CARDBOARD ART - BAS-RELIEF

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Front cover.

 

Back cover. Available at fivehousepublishing.com

Read the article for free (lessons included at the end for teachers and homeschoolers): https://fivehousepublishing.com/2021/10/09/cardboard-art-sculpture-and-bas-relief-work-an-integrated-lesson-on-identity/

THE BATTLE OF BLOODRIVER    

The first shot from the 'Sanna voorlaaier' (rifle) broke the silence of the fog. It crept slowly up and along the cold river like a thick blanket. It was an uncertain, nervous bang.

Was the slow creep of the lazy fog a sign of the events that were to follow? Definitely not! It would be a day of gunpowder, sweat, toil, and utter survival.  

More nervous single gunshots followed; there was an indigenous African war cry at a distance. The raw, unfamiliar battle cry struggled to get over the thick fog which covered the river like a white woolly blanket. There was an unexpected adrenaline rush as a wave of half-naked black bodies started moving towards the lager and the river. As they approached, you could see the anxious white of the Zulu warrior's eyes. Tied to their weapons with strong strips of raw bark, the feathers danced eerily in the early morning breeze. Proud Leopard skin covered parts of their muscular bodies. Nimble and agile, they wove through the bush, heading towards the lager-like cheetahs stalking their prey.

Was this the dance of death?    

The 'ossewa' (wagons) were woven into a large wreath that contained and embraced the Afrikaners' faith, belief, and courage. The Boers were now aiming with their long shots - waiting for the Zulus to get closer.

Would the Afrikaners survive the onslaught of the Zulu's?

A cloud of gunpowder billowed from the barrels of the rifles as the battle heated up. At the break of dawn. the familiar 'boom' sound of traditional 1830's long rifles filled the ears of everyone - men, women, and children. The Boer war machine worked like a well-oiled conveyor belt. Firing - then filling the barrel with gunpowder - ramming - dropping a ball into the barrel - ramming it down the barrel with a rod - and fire. Again, and again. Frantically, the men, women, and children loaded the rifles by continuously ramming gunpowder and small lead balls into the barrels. Their lives were at stake.

"Quickly, load, they are coming!" rang the voices of the Afrikaners in the lager.   

The sun's first light was shocked at the battle scene - surprised by the contrasts of the weapons used - it gasped at the 'trains' of Zulu warriors moving towards the boer lager. The sharp, long 'assegai' points flashed ghastly in the morning light as the warriors ran toward the Afrikaner lager - wave upon wave. The 'knobkieries' swish-swashed through the air as the Zulus gained momentum. Determined, they ran toward the tight-knit boer lager.

Would the 'ossewa' wagons and the rifles of the Boers keep the Zulus at bay? The Afrikaners were outnumbered by far!

The Covenant they have made with God - would it protect them? 

The result?

About 10,000-20,000 Zulu warriors led by Dingaan's generals Dambuza (Nzobo) and Ndlela kaSompisi attacked the Voortrekkers, but the 470 Voortrekkers, with the advantage of gunpowder, warded them off. The battle began at dawn and was over by midday. More than 3000 Zulu casualties were counted around the laager. The boers triumphed on the day.

TRANSLATED INTO AFRIKAANS (AANVANKLIK DEUR CHATGPT VERTAAL - DAARNA VERFYN DEUR DIE SKRYWER):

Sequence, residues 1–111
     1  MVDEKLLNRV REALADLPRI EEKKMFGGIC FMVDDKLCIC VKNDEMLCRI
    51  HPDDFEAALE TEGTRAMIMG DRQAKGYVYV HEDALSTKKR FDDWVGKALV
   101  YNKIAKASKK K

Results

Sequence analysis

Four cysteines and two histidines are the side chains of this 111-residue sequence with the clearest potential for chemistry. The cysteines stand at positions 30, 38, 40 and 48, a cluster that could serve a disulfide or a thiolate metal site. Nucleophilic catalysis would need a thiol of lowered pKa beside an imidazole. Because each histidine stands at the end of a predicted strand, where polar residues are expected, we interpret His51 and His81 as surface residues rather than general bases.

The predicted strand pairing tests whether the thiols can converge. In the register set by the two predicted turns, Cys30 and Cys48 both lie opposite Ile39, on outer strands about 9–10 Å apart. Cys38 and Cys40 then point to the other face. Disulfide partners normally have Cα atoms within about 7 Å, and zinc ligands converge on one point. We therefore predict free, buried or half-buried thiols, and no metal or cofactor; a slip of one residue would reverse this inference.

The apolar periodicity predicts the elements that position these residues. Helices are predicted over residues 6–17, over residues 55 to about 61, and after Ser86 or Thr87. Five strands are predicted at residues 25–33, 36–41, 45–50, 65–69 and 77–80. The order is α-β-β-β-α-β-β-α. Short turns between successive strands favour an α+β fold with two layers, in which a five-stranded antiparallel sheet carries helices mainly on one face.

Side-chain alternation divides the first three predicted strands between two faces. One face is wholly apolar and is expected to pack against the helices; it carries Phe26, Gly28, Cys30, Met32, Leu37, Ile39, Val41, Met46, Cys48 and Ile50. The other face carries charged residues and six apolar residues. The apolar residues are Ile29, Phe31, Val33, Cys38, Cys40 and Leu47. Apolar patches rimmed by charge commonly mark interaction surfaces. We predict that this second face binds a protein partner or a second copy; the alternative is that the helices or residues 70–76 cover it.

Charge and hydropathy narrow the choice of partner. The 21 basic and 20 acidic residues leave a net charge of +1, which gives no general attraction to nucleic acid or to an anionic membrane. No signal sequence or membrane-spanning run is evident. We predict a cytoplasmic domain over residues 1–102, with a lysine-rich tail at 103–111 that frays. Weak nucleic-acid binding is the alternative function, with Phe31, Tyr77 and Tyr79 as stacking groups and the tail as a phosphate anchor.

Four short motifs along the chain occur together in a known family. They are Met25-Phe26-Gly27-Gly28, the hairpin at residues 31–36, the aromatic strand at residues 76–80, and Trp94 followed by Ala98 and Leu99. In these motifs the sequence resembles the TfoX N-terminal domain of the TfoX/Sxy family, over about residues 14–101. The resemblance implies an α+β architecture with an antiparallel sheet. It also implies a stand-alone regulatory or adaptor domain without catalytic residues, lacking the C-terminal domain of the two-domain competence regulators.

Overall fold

Die Slag Van Bloedrivier.

Die eerste skoot van die 'Sanna voorlaaier' (geweer) het die stilte van die mis deurboor. Dit het stadig opgeskuif en langs die koue rivier gekruip soos 'n dik wol kombers. Dit was 'n onseker, senuweeagtige knal.

Was die stadige skuif van die wit mis 'n teken van die gebeure wat sou volg? Beslis nie! Dit sou 'n dag wees van kruiddamp, sweet, moeite, en absolute oorlewing.

Meer senuweeagtige enkelgeweerskote het gevolg; daar was 'n inheemse Afrika-oorlogskreet in die verte. Die rou, onbekende oorlogskreet het gesukkel om deur die digte mis te kom wat die rivier soos 'n wit wollerige kombers bedek het. Daar was 'n onverwagte adrenalien-vloei toe 'n golf van halfnaakte swart liggame na die laer en die rivier beweeg het. Jy kon die angstige wit van die Zulu-kryger se oë sien terwyl hulle nader kom. Die vere - vasgemaak aan hul wapens met sterk repies van rou bas - het spookagtig gedans in die vroeë oggendbries. Trotse luiperdvel het dele van hul gespierde liggame bedek. Ligvoetig en rats het hulle deur die bos beweeg - nader, en nader aan die laer - soos jagluiperds wat hul prooi bespeur.

Was dit die dans van die dood?

Die 'ossewa' (waens) was in 'n groot ronde krans geweef wat die geloof, oortuiging, en moed van die Afrikaners bevat en omhels het. Die boere het nou gemik met hul langgewere - waggend vir die Zulus om nader te kom.

Sou die Afrikaners die aanval van die Zulu's oorleef?

'n Wolk van kruiddamp het uit die lope van die gewere geborrel. Die geveg het hewig geraak. Met die koms van die dag het die bekende "boem" knal van tradisionele 1830's langgewere die ore van almal gevul - mans, vroue, en kinders. Die boere-oorlogsmasjien het soos 'n goedgesmeerde konvêrteerband gewerk. Skiet - vul die loop met kruid - stamp kruid in die loop af - laat val 'n koeël in die loop - stamp dit styf vas met die laaistok - en vuur. Weer en weer. Gedetermineerd het die mans, vroue, en kinders die gewere gelaai deur onophoudelik kruid poeier en klein loodballetjies in die lope af te stamp met die laaistokke. Hul lewens was op die spel.

"Vinnig, laai, hulle kom!" het die stemme van die Afrikaners in die laer geklink.

Die eerste lig van die son was geskok deur die skouspel van die geveg - verras deur die kontras van die wapens in die geveg - gewere versus spiese. 'Treine' van Zulu-krygers het na die boerelaer gevleg. Die skerp, lang 'assegaai'-punte het afgryslik in die oggendlig geflits. Die Zulu krygers het na die Afrikaner-laer gehardloop - golf na golf. Die 'knopkieries' het deur die lug geswaai terwyl die Zulus momentum opbebou het. Vasberade het hulle na die diggesnoerde boerelaer gehardloop.

Sou die 'ossewa'-waens en die gewere van die Boere die Zulus op 'n afstand hou? Die Afrikaners was vêr oortref deur die getalle van die Zulus.

Sou die Verbond wat hulle met God gemaak het, hulle beskerm?

 


Die eindresultaat?

Ongeveer 10 000-20 000 Zulu-krygers, aangevoer deur Dingaan se generaals Dambuza (Nzobo) en Ndlela kaSompisi, het die Voortrekkers aangeval, maar die 470 Voortrekkers het, met die voordeel van kruiddamp, hulle afgeskrik. Die geveg het met eerste lig begin en was teen die middag verby. Meer as 3000 Zulu-slaggoffers is om die laer getel. Die boere was triomferend op die dag.